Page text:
When In Rome, Eat At A Wine Bar
When I’m in Rome, I love to eat at wine bars because I like to sample small bits of this and that and to learn more about Italian wines.
The city has plenty of great wine bars to choose from but on my last visit I found one that was absolutely genius.
Its called Roscioli and is located near the Campo dei Fiori, ‘Centro Storico’ neighborhood of Rome. I didn’t just stumble across it. A Roman friend, who lives in NY and is in the wine business, sent me there. He knew I would love it and he was right.
When you walk in the first thing you notice is a wall of wines. All the stars of Italy are here but there are also a lot of wines I’d never heard of. Best of all they had fantastic vintages for most of their selection. Obviously this is a really serious place.
To the left of the entrance there’s a display case of the most brilliant salamis as well as other meats and cheeses, and in the back there’s a small area for eating. We were all starving so they brought us a plate of bufala mozzarella right away, plus prosciutto and marinated sun dried cherry tomatoes, and a breadbasket with the most delicious focaccia I’ve ever had. The waiter apologized that the focaccia wasn’t hot, but promised that more would come from the oven momentarily. It did and it was even more delicious.
He asked us what we would like to drink and I told him to take charge. Our first course, incredibly fresh scampi, raw, came with a Hoffstater Gewurztraminer. What a combination! The rich delicate shrimp along with the crisp fruit driven Gewurztraminer was sublime.
Then we went for two classic Roman pasta courses, which were magnificent. The first was spaghetti alla carbonara; the second was pasta matriciana. The carbonara was insanely good and the bacon, an Italian version called guanciale, made all the difference with the combination of parmesan and pecorino. I was so in love with this dish that I asked for some guanciale to take back with me. ( That’s the other great thing about this wine bar: anything you like they can cryovack for you to take home and you can purchase any of the wines as well). The second pasta, made with mezze rigatoni, (half the size of regular rigatoni) had a base of tomato sauce as well as chunks of the guanciale; it was equally stupendous. Our waiter brought a bottle of Antinori’s 2001 Tignanello. What a complex, rich, brilliant wine -- perfect with our pastas.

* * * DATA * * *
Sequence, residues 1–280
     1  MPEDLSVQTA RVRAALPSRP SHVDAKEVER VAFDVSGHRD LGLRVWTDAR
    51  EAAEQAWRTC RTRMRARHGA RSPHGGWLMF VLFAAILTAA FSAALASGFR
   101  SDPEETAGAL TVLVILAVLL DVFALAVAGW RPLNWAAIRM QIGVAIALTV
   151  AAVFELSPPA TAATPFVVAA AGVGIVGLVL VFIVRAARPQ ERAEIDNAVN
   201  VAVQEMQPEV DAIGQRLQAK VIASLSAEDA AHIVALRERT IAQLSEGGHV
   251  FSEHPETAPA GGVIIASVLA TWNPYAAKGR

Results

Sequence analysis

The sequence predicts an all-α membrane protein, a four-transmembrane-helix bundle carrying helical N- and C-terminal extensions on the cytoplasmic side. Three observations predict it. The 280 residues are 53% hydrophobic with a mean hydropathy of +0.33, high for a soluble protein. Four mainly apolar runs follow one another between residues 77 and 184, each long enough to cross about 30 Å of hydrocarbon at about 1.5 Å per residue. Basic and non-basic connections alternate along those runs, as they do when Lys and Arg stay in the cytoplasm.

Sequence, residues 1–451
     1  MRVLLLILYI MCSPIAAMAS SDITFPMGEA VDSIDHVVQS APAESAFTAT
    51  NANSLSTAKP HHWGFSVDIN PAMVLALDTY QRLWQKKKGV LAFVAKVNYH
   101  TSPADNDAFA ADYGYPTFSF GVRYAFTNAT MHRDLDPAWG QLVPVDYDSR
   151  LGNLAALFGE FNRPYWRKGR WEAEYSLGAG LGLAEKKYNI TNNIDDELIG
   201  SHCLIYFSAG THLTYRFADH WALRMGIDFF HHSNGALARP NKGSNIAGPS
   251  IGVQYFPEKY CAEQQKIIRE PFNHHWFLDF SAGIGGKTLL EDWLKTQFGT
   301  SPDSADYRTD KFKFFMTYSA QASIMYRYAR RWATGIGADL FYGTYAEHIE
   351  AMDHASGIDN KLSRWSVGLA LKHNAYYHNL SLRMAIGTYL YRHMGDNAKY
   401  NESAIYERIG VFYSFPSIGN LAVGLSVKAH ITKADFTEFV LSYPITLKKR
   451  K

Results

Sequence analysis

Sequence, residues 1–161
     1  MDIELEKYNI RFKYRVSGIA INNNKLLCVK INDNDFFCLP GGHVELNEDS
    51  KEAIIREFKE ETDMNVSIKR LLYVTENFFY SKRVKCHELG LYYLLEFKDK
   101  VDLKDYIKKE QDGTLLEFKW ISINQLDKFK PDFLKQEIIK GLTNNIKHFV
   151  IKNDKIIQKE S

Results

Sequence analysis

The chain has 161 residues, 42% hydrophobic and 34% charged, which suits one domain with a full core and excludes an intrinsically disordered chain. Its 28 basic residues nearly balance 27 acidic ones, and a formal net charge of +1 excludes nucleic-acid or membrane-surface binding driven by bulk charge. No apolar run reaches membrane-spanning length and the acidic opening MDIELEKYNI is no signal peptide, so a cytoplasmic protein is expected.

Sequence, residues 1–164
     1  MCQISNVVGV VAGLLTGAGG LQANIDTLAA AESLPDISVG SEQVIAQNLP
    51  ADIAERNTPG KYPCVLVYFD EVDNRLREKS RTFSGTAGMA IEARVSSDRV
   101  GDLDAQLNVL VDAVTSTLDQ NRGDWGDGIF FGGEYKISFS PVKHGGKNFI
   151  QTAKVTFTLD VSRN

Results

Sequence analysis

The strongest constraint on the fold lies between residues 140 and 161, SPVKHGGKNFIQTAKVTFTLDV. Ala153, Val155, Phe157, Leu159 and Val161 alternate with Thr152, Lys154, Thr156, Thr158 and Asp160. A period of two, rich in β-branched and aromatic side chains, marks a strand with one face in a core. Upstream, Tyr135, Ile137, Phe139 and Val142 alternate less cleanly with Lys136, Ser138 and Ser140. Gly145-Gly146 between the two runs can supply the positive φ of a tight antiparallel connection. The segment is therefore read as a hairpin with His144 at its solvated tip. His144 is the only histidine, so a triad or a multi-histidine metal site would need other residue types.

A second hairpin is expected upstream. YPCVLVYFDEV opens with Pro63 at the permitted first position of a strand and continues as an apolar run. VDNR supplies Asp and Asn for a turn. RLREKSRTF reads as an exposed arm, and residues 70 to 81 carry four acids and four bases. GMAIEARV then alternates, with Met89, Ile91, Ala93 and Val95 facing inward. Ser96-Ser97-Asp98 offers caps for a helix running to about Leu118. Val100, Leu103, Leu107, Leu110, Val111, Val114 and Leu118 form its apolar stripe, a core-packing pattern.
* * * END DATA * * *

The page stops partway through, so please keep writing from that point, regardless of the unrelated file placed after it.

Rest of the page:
We were joined during the pasta course by a friend who is a great cook. She wanted us to try what she thought was an even better red wine. By the time they found it in the cellar we had to order another cheese course to go with it. The wine was a 1999 Giorgio Primo and was even more complex and rich. It was just as good but not better than the previous one. I felt really lucky to have the chance to try both. I bought a couple of bottles of Giorgio Primo to bring home so I can recreate the Roscioli experience, pastas and all.
We all left happy, and here’s another great thing about these wine bars: When you walk out the door you are in Rome. What a dream.
Via dei Giubbonari, 21-22